U.S. Fish and Wildlife Service Completes Five-year Review with Delisting Recommendation for Arizona’s State Fish
Due to half a century of collaborative conservation efforts between tribal, state, federal, and non-governmental organizations, the Apache trout has a brighter and more sustainable future. The U.S. Fish and Wildlife Service (Service) is announcing today the completion of a five-year status review which recommends delisting the species from the Endangered Species Act (ESA).
The next step by the Service will be to publish a proposed rule in the Federal Register to delist the Apache trout. The proposed rule, expected to publish by the end of 2022, will include a 60-day public comment period seeking input from state, federal, tribal, and other government agencies, the scientific community, industry, or any other interested parties concerning the proposed delisting.
“We would like to thank our partners for their engagement and collaborative efforts alongside the Service towards the recovery of the Apache trout,” said Amy Lueders, Regional Director for the Service. “We are excited to say the recovery actions by the White Mountain Apache Tribe and other partners have led to the recommendation to delist the species from the ESA.”
The implemented conservation actions, such as non-native trout removal, fish barrier construction, and Apache trout reintroductions, made recovery possible, and will continue to drive conservation. The Service is committed to the continued conservation of the Apache trout, whether the fish is delisted or not.
The Service, along with White Mountain Apache Tribe, Arizona Game and Fish Department, USDA Forest Service, and Trout Unlimited share responsibilities under a 2021 Apache Trout Cooperative Management Plan. That plan outlines goals to reach recovery and delisting of the Apache trout, and if delisted to maintain a recovered status, while providing sportfishing opportunities.
Apache trout is Arizona’s state fish and is native exclusively to the streams around the White Mountains in the eastern part of the state. It was originally considered the same species as the Gila trout, which was listed under the Endangered Species Preservation Act in 1967. Apache trout was first described as a unique species separate from Gila trout in 1972. A year later, it gained protection under the Endangered Species Act of 1973, and it was subsequently downlisted to threatened in 1975.
This five-year review was informed by a 2021 species status assessment (SSA), which includes the best available scientific information. The assessment evaluated the species’ current needs, conditions, and threats, in addition to modeling future scenarios. It also involved contributions from scientific experts, including an independent peer review and review by federal and state partners. More information about five-year status reviews is available on our website.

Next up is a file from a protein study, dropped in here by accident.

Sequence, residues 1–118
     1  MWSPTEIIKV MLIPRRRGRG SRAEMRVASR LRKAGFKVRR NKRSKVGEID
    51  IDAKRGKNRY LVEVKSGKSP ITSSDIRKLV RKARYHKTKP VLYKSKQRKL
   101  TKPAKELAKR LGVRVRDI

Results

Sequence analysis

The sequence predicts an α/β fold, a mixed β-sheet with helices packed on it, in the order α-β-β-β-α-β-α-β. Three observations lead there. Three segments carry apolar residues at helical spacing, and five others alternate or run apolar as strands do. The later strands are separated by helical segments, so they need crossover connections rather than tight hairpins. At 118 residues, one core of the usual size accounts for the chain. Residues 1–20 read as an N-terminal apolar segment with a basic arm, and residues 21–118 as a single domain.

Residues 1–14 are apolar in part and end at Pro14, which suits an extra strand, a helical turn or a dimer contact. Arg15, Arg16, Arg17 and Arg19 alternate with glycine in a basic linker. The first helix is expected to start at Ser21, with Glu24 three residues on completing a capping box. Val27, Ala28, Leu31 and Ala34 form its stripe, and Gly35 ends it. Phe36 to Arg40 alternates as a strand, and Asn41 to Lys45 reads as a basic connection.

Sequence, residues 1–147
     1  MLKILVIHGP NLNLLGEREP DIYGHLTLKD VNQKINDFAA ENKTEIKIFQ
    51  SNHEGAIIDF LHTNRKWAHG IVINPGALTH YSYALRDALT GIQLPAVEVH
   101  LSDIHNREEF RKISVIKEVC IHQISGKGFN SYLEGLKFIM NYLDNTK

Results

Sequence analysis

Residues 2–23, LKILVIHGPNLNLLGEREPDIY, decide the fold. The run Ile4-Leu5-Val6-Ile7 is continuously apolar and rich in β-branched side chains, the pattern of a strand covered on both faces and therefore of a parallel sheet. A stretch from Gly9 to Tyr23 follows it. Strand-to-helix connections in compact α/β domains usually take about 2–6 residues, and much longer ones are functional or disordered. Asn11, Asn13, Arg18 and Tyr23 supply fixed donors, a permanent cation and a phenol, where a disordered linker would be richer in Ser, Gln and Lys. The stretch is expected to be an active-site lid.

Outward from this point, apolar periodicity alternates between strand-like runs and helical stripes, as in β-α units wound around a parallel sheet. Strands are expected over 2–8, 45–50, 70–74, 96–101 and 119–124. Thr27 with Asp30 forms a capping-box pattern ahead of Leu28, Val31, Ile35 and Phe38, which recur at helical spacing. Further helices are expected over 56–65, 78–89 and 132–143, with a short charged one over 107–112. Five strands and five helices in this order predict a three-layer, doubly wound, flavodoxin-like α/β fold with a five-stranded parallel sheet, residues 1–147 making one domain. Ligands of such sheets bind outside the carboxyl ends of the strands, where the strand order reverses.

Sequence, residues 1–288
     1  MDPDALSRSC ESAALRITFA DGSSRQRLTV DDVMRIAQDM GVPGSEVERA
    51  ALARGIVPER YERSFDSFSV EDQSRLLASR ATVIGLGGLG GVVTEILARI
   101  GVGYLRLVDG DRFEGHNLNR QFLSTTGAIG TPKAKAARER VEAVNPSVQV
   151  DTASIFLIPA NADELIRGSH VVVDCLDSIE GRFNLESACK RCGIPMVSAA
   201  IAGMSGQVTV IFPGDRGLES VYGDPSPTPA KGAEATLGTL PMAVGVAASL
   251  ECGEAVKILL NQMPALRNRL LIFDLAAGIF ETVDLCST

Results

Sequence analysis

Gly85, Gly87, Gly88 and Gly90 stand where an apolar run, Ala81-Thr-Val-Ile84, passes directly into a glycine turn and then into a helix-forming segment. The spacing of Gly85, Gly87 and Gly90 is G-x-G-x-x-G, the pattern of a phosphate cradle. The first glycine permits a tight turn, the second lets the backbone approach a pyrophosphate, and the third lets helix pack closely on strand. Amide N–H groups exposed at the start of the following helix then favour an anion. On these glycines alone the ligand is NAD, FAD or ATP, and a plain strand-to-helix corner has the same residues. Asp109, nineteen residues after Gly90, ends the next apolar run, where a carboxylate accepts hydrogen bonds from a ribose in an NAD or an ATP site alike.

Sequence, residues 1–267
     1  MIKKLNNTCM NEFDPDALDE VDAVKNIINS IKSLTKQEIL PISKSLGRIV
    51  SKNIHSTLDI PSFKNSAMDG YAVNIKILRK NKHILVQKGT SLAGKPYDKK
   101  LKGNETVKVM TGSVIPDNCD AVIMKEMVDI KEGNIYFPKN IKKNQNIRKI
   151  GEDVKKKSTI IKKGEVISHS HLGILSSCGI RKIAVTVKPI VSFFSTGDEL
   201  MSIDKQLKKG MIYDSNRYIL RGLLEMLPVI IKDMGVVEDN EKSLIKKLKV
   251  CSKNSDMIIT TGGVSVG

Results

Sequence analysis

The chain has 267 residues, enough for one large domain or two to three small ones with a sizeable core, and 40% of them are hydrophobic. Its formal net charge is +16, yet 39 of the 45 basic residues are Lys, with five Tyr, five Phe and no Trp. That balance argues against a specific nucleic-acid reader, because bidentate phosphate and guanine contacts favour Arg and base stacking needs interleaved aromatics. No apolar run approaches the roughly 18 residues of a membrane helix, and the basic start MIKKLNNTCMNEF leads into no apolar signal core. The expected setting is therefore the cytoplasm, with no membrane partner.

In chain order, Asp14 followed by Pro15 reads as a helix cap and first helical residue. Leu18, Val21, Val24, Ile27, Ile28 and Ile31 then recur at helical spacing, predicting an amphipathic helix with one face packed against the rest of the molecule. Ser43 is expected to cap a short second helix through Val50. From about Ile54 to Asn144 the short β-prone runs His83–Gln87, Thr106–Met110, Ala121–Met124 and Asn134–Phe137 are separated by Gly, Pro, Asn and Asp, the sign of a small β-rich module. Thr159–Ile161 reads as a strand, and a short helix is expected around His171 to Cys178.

The first recovery plan for the Apache trout was developed in 1979, a revised plan was developed in 1983, and a second revision was completed in 2009. A main goal of the recovery plan is to reach 30 genetically pure populations of Apache trout, with habitat sufficient to support self-sustaining populations. The SSA developed by biologists from White Mountain Apache Tribe, Arizona Game and Fish Department, USDA Forest Service, Trout Unlimited, and the U.S. Fish and Wildlife Service confirms that the goal of 30 genetically pure self-sustaining populations has been reached.
A major threat to Apache trout populations has been the introduction of non-native trout. The gene pool was threatened by hybridization with non-native rainbow and cutthroat trout. Additionally, non-native brook and brown trout pose threats through competition and predation. Much of the conservation work has involved removing these introduced trout from Apache trout habitat and constructing barriers to block further non-native introductions. Additionally, thanks to over $2 million from the Bipartisan Infrastructure Law ’s National Fish Passage Program, Service partners are working to remove certain barriers that are no longer needed thanks to non-native trout removal. This will open 52 stream miles of Apache trout habitat for new populations.
The Service remains interested in information regarding the status and conservation of, and any potential threat to, the Apache trout. Please submit information by email to email@example.com.